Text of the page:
I'm tired of the same old BS from political pundits that cutting the federal budget will cause a recession. This kind of thinking stems from faulty logic that suggests (incorrectly) that there is a positive multiplier effect of government spending. Once you realize that money is the capability to do mechanical or electrical work, then you'll realize that, on the average, US government spending has a negative rate of return on work invested because a lot of the US government's spending goes into projects with no return on work invested, including but not limited to: paying people to not work, paying people to do the equivalent of digging and filling holes, paying people to build bridges to nowhere, paying people to enforce drug laws, paying people to collect other people's taxes, subsidizing the consumption of prescription drugs, paying people to estimate the future of the economy (which they can't do at all), subsidizing solar energy projects that consume more work building and installing the panels than they generate in electrical work throughout the lifetime of the power plant, subsidizing ethanol blending in our gasoline, and finally, but not the most or least wasteful, paying people to count the amount of gold in Fort Knox.

Let me demonstrate the fact that most things we do will have a negative rate of return on work invested (and especially most of the things that the US or other governments spend money/work on.) I'll demonstrate this with a thought experiment that you can actually go out and do yourself.

Let's say that you are given 1 MegaWatt-hour (MWh) of electricity.  (You could try yourself by buying ~$100's worth of electricity, and then "investing it" in one of the following options.)

You can a) store the electricity in some batteries you own, b) use the electricity to purchase gifts for your family and friends,  c) give the electricity to the government to spend, or d) invest it in a private electricity generating company (for example, NRG Energy.)

What happens in each case after 1 year?
a) After one year, the amount of electricity in your batteries will probably have drained out and you will be left with no electricity. (Though, if you had used your money to purchase ~$100's worth of gasoline, you'd have roughly the same amount of capability to do work as at the beginning of the year.)  Option A (i.e. sitting on electricity or fuel) leads to a negative or zero rate of return on investment.

Saturday, November 5, 2011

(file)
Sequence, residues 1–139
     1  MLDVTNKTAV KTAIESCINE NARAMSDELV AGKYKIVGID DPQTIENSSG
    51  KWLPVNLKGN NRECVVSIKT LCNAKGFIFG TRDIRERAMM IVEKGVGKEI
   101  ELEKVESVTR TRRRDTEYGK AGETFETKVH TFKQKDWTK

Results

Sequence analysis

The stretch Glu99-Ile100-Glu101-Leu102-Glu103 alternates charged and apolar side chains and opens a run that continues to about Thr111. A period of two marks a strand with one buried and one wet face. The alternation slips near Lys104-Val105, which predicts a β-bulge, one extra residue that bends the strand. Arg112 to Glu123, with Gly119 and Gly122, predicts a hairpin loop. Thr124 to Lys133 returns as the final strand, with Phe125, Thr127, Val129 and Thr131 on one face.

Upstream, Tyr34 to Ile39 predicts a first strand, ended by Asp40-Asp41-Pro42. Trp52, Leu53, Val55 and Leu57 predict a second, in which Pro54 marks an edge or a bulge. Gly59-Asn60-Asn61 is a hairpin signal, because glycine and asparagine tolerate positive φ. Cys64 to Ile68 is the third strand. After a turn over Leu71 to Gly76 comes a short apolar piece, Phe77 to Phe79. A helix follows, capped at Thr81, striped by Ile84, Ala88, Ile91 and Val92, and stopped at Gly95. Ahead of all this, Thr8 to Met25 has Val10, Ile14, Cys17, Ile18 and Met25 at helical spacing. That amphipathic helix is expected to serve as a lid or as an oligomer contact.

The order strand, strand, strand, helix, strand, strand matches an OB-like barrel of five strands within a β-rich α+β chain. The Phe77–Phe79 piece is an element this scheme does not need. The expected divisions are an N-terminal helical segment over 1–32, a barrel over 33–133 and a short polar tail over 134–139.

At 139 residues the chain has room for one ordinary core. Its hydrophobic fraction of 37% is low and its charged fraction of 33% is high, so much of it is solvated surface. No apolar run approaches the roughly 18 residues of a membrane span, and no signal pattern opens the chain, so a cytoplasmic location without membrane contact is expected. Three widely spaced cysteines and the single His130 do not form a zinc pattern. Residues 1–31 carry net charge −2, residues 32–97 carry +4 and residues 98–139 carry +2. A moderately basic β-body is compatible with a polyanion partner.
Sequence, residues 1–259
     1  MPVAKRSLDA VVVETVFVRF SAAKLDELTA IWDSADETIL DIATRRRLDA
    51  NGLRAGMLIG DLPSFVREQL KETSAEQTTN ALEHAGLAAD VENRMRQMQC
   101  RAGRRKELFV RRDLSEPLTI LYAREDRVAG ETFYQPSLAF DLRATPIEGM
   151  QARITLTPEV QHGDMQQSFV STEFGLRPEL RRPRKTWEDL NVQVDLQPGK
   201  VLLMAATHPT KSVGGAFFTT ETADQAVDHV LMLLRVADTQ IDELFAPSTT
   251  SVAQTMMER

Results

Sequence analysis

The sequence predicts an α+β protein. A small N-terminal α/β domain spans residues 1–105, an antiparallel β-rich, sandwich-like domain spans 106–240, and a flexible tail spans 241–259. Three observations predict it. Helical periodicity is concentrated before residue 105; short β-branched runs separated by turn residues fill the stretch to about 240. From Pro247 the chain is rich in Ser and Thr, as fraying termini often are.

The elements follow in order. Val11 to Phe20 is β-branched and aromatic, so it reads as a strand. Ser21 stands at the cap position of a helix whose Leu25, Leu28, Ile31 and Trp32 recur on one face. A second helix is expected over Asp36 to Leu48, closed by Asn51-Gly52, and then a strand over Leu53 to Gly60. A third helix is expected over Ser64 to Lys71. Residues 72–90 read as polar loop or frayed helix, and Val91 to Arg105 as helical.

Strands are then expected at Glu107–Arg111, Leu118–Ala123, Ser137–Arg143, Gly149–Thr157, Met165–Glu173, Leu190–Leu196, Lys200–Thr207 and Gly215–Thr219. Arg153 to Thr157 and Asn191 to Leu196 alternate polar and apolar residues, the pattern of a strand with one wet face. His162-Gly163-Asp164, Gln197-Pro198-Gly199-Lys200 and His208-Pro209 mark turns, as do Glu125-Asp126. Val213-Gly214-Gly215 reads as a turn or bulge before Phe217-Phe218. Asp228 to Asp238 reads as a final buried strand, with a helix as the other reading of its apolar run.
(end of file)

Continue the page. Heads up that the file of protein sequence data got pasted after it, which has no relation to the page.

"Anonymous" the movie & Paranoia all around us (9/11, Peak Oil, Birth Certificates, The Fed, Climate Alarmism, etc...)

I recently saw the movie "Anonymous" because I think that I'm distantly related to the de Vere family. I'm Not Sure about this, though, because my family genealogy only goes back about a hundred years or so.
In case you haven't seen it yet, the movie suggests that William Shakespeare was not the author of plays, such as Hamlet. This is not a new accusation, but it may be the first movie regarding this topic. Here's the trailer (with Everything in its Right Place playing in the background.)




I am not an English major so I have no clue about the truth of the accusation, but since watching the movie, I found a lot of biographical details suggesting that Edward de Vere was the author of Hamlet. I have no real interest in whether this accusation against William Shakespeare is right or wrong, but I certainly like the possibility that a possible relative of mine is the author of Hamlet rather than somebody to whom I'm in no way related.

Does believing that William Shakespeare is the not the author of Hamlet make you a conspiracy nut? I don't think so, and the goal of the rest of this post is for me to explain what I think are good forms of paranoia and bad forms of paranoia.

Here are some characteristics of possibly healthy paranoia:  (1) willingness to hear both sides of the debate,  (2)  general skepticism of authority and so-called authorities, and (3)  acknowledgment that we all lie

Here are some characteristics of unhealthy paranoia:  (1) telling yourself that you have no control,  (2)  believing that there is a massive conspiracy that would require the involvement of hundreds of people lying and/or keeping silent on the lie, and,  (3)  disobeying Occam's Razor.